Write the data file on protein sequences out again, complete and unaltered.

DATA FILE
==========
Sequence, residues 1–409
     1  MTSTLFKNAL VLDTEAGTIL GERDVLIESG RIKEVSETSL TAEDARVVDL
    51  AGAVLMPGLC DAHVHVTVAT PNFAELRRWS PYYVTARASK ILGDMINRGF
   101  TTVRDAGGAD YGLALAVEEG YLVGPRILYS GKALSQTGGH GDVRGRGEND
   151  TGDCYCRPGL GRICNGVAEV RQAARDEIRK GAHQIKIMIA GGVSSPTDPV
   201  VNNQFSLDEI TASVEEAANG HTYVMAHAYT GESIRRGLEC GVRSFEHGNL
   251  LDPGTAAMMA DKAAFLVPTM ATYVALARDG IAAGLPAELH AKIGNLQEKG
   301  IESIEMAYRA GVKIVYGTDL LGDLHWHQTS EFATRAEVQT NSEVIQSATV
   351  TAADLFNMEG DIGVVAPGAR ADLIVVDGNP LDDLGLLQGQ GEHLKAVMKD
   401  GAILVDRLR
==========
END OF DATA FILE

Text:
Sequence, residues 1–409
     1  MTSTLFKNAL VLDTEAGTIL GERDVLIESG RIKEVSETSL TAEDARVVDL
    51  AGAVLMPGLC DAHVHVTVAT PNFAELRRWS PYYVTARASK ILGDMINRGF
   101  TTVRDAGGAD YGLALAVEEG YLVGPRILYS GKALSQTGGH GDVRGRGEND
   151  TGDCYCRPGL GRICNGVAEV RQAARDEIRK GAHQIKIMIA GGVSSPTDPV
   201  VNNQFSLDEI TASVEEAANG HTYVMAHAYT GESIRRGLEC GVRSFEHGNL
   251  LDPGTAAMMA DKAAFLVPTM ATYVALARDG IAAGLPAELH AKIGNLQEKG
   301  IESIEMAYRA GVKIVYGTDL LGDLHWHQTS EFATRAEVQT NSEVIQSATV
   351  TAADLFNMEG DIGVVAPGAR ADLIVVDGNP LDDLGLLQGQ GEHLKAVMKD
   401  GAILVDRLR